Wednesday, 19 August 2015
Crimes Legislation Amendment (Powers, Offences and Other Measures) Bill 2015; In Committee
As senators will see on the running sheet, this amendment is identical to opposition amendment (1) on sheet 7743. So obviously we support this amendment. As indicated in my second reading contribution, not only has the government failed to engage with stakeholders with regard to these amendments but also it has failed to justify the need for an additional form of secondary criminal liability to apply to all offences in the Criminal Code. We have heard some arguments about particular matters, particular issues or about certain areas but nothing that justifies the blanket application of this vague legal concept, we have been told, with respect to 'knowingly concerned'. The government has highlighted particular categories offence where the concept of 'knowingly concerned' is required including drug and drug importation offences and insider trading of fences. However, all of the offences identified have already been drafted in a way that address the concerns raised without the need to include 'knowingly concerned'.
Labor believes that the proposed change in relation to the introduction of 'knowingly concerned' is a major change to the Criminal Code and that, as such, there is a process that needs to be followed. Leading up to the adoption of the Model Criminal Code in 1995 there was a long consultation. The consultation occupied some years and included some of Australia's leading criminal practitioners. There ought to be a full consultation in relation to any proposed general change to the Model Criminal Code. As the Australian Human Rights Commission noted in its submission to the Senate committee:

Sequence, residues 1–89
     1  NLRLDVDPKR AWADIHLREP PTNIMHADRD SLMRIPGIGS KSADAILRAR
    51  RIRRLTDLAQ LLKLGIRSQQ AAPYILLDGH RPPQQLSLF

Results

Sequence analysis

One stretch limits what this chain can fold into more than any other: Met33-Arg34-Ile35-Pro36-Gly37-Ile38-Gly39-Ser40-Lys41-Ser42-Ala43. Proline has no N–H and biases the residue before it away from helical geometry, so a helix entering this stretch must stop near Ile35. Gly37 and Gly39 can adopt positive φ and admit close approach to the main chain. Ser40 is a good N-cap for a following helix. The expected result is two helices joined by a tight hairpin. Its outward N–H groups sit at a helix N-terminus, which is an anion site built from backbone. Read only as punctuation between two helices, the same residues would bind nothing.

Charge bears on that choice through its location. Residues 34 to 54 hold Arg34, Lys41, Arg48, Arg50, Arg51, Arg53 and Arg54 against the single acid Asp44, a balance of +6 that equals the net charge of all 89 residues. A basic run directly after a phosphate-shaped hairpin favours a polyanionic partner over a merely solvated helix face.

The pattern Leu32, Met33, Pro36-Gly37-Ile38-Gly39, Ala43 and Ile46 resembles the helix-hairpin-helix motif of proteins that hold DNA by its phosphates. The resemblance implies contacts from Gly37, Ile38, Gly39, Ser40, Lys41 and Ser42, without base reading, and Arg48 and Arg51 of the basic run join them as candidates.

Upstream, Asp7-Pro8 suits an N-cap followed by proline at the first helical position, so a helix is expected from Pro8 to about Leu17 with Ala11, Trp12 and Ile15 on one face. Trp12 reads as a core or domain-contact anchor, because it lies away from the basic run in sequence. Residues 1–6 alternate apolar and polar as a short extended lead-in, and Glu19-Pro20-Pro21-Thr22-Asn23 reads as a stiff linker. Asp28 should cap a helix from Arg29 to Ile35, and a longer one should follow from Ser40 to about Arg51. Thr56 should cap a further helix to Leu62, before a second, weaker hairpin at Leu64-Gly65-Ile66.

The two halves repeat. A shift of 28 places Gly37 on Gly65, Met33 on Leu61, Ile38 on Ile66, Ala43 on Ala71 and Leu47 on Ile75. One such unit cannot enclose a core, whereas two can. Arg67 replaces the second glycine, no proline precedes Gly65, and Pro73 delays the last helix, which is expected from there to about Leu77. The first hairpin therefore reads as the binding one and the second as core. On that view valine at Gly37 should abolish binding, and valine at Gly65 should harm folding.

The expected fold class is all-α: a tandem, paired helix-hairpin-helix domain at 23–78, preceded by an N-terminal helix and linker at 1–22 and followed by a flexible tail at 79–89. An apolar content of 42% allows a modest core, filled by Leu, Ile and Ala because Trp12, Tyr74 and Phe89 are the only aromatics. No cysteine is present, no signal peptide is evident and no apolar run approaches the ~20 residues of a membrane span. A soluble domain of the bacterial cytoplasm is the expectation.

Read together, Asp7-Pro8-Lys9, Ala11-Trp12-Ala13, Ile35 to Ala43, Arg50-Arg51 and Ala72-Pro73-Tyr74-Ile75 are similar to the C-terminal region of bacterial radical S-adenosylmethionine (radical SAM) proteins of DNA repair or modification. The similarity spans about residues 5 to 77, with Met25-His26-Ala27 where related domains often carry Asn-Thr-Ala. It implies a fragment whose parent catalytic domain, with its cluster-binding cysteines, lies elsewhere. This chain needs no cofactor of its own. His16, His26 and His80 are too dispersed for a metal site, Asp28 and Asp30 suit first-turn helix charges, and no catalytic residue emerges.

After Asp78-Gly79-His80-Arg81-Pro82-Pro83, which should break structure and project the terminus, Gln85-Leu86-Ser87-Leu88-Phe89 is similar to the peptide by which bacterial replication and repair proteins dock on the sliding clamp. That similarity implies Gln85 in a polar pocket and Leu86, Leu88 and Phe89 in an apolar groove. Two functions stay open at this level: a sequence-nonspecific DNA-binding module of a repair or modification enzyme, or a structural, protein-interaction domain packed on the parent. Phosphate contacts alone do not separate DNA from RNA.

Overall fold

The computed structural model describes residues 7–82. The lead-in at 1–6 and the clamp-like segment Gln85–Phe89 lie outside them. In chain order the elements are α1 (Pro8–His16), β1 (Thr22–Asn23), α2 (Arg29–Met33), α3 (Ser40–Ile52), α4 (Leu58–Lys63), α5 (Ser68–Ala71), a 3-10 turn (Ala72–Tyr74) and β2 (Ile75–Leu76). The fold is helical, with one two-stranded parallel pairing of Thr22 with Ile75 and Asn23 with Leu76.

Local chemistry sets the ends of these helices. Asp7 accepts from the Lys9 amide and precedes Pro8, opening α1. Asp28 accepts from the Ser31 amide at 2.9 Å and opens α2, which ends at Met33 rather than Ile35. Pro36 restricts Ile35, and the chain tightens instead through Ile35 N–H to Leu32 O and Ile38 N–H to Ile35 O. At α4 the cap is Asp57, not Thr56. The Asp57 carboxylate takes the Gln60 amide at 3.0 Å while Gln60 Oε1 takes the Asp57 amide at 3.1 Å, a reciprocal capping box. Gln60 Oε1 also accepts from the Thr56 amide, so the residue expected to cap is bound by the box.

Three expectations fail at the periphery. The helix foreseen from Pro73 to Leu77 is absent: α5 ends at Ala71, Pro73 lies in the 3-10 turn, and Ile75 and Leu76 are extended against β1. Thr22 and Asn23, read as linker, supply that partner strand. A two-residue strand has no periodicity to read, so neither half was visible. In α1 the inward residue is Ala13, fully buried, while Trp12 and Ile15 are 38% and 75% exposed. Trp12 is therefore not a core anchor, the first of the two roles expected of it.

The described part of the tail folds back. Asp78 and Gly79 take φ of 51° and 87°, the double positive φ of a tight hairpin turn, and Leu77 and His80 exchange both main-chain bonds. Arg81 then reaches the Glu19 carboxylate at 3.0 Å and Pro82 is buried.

… it is difficult to anticipate the impact of extending this form of liability to all offences.
Labor does not oppose the introduction of the element of 'knowingly concerned' in relation to individual offences in appropriate cases. Indeed, this has already occurred in relation to a number of offences in Commonwealth legislation. We would suggest that the government proceed with that approach, rather than an attempt at a blanket change without consultation and with processes that are appropriate to the Model Criminal Code.